China Spending Billions on Disinformation Targeting Global Audiences: Report

China Spending Billions on Disinformation Targeting Global Audiences: Report
The U.S. Department of State in Washington on Jan. 6, 2020. (Mark Wilson/Getty Images)
Frank Fang

China is spending billions of dollars annually to disseminate disinformation and propaganda around the world, and with advancements in artificial intelligence, the communist regime will soon be able to “surgically target foreign audiences” with its influence operations, according to a report released on Sept. 28.

The State Department’s Global Engagement Center (GEC) pointed out in its report that the Chinese Communist Party (CCP) has a long history of distorting facts. Now it is peddling “false or biased pro-PRC content” globally while suppressing dissenting voices, the GEC explains—referring to the acronym for the country's official name, the People's Republic of China.

“Since its founding in 1921, the CCP has used information manipulation to ensure regime survival and increase its power. Today, as the PRC seeks to reshape the international order to its advantage, Beijing builds on this legacy by leveraging propaganda and censorship,” the GEC report says.

To better spread its preferred narratives, Chinese leader Xi Jinping has taken a more centralized approach over the past decade, with more funding going to the United Front Work Department (UFWD), a key state agency responsible for carrying out influence activities abroad.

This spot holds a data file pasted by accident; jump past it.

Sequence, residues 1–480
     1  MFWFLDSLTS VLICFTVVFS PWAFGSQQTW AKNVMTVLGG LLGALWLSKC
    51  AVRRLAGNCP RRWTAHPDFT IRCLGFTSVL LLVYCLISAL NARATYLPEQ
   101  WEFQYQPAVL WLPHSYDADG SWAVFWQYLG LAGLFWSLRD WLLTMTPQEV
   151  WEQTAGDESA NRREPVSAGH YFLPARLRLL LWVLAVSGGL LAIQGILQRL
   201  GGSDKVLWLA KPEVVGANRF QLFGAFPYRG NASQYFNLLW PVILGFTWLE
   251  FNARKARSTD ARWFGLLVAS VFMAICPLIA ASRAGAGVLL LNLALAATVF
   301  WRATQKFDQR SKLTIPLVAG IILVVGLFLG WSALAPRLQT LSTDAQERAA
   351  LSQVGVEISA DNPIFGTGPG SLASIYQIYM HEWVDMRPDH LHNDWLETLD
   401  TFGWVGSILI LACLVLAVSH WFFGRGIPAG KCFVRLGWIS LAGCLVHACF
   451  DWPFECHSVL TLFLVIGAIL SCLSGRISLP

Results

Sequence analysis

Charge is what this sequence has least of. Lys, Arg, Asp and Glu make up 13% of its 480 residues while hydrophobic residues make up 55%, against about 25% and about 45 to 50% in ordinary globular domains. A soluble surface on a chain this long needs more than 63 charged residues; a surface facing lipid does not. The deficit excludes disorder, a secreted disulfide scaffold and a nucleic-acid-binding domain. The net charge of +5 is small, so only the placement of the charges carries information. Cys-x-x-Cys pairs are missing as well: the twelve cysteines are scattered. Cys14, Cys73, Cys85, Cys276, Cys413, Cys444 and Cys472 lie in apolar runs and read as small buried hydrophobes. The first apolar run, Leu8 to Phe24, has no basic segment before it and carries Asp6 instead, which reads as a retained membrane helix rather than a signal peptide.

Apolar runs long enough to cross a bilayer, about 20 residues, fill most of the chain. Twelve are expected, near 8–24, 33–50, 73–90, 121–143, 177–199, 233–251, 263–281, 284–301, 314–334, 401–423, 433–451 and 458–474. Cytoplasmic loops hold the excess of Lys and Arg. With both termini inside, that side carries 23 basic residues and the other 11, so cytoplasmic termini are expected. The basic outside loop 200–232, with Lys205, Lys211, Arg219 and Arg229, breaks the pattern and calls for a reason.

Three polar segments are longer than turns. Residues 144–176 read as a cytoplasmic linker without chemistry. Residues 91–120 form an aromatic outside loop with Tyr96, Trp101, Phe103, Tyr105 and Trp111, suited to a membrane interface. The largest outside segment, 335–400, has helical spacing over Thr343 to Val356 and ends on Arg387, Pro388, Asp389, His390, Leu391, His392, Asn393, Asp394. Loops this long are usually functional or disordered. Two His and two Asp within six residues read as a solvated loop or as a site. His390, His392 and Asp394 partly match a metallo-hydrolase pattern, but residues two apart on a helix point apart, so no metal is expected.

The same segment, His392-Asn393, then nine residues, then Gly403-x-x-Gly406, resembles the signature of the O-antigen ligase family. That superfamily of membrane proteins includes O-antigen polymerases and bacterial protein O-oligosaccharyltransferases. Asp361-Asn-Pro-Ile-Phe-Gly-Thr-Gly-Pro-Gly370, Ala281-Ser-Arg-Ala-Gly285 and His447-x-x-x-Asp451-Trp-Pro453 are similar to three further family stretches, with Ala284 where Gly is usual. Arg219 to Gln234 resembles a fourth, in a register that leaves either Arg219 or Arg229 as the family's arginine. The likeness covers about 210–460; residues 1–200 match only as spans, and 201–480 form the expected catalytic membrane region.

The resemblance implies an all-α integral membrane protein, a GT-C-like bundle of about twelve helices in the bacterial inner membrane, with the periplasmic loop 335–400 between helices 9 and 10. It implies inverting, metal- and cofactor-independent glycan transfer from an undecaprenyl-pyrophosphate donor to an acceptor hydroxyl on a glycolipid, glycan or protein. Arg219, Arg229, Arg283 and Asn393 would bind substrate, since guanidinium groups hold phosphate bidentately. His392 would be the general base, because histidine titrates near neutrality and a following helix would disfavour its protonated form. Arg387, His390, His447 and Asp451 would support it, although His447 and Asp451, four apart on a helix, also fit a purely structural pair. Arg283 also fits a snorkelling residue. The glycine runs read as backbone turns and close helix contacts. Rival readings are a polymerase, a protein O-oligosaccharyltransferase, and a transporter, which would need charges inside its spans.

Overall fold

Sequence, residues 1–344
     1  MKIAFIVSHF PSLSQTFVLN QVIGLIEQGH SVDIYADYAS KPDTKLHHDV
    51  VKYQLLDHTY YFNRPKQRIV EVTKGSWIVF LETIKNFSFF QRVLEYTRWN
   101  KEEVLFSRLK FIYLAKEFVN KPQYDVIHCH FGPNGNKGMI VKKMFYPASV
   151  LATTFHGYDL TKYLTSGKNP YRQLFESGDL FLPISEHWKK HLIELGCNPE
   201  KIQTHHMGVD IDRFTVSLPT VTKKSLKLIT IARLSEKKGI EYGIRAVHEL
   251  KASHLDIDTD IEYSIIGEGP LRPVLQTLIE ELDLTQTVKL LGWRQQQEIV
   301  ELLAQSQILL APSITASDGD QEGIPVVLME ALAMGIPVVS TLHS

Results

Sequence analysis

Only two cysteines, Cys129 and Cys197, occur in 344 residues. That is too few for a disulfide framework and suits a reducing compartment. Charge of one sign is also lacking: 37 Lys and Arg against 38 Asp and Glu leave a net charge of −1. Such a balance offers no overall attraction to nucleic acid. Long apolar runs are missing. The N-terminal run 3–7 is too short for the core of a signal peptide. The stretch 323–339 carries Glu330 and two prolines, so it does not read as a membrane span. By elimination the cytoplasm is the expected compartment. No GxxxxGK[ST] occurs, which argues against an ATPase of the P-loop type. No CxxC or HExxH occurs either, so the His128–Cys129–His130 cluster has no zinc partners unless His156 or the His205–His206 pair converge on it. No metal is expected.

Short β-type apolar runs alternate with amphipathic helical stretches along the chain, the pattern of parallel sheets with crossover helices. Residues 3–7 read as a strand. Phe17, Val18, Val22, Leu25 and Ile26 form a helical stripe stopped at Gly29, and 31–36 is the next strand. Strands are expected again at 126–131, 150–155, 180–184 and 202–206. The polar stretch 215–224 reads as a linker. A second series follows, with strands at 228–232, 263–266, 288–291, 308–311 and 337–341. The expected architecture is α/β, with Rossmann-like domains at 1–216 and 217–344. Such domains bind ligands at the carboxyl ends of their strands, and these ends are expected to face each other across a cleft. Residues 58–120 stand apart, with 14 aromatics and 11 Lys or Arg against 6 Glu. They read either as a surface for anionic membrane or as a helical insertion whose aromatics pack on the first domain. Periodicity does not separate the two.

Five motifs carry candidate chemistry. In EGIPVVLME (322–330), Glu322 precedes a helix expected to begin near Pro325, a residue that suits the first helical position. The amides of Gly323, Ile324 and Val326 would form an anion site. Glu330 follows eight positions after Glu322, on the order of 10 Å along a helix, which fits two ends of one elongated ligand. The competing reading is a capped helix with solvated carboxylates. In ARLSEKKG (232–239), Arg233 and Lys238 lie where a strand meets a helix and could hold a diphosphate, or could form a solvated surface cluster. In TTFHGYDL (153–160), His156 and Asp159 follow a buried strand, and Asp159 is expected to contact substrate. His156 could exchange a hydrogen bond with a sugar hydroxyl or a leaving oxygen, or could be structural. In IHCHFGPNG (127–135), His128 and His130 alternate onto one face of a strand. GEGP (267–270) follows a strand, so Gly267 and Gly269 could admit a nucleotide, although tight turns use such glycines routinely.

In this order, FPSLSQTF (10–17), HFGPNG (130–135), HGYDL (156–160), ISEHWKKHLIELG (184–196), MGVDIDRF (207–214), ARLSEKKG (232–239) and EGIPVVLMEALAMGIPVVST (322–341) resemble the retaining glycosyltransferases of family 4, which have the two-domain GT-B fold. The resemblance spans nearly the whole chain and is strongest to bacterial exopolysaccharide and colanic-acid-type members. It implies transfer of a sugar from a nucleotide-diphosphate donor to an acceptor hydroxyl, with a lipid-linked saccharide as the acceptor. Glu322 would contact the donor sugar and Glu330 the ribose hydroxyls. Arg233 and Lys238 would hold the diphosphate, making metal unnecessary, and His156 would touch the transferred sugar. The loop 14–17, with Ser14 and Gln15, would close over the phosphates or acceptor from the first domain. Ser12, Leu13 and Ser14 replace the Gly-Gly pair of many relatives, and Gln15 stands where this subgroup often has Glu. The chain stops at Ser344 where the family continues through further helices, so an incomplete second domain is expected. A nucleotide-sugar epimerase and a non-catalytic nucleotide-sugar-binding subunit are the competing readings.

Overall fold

“Since coming to power in 2012, he has significantly increased funding for the UFWD and elevated central coordination of its efforts to shape the international environment—including the information domain—to Beijing’s advantage,” the GEC report says.

Though China is already spending billions each year on building up an information ecosystem in which Chinese propaganda and disinformation have “become dominant,” the report noted that money allocated to its influence operations “is growing.”

If China is left unchecked in its efforts, the report warned, it will create “biases and gaps that could even lead nations to make decisions that subordinate their economic and security interests to Beijing’s.”

“Access to global data combined with the latest developments in artificial intelligence technology would enable the PRC to surgically target foreign audiences and thereby perhaps influence economic and security decisions in its favor,” the GEC report adds.

X and TikTok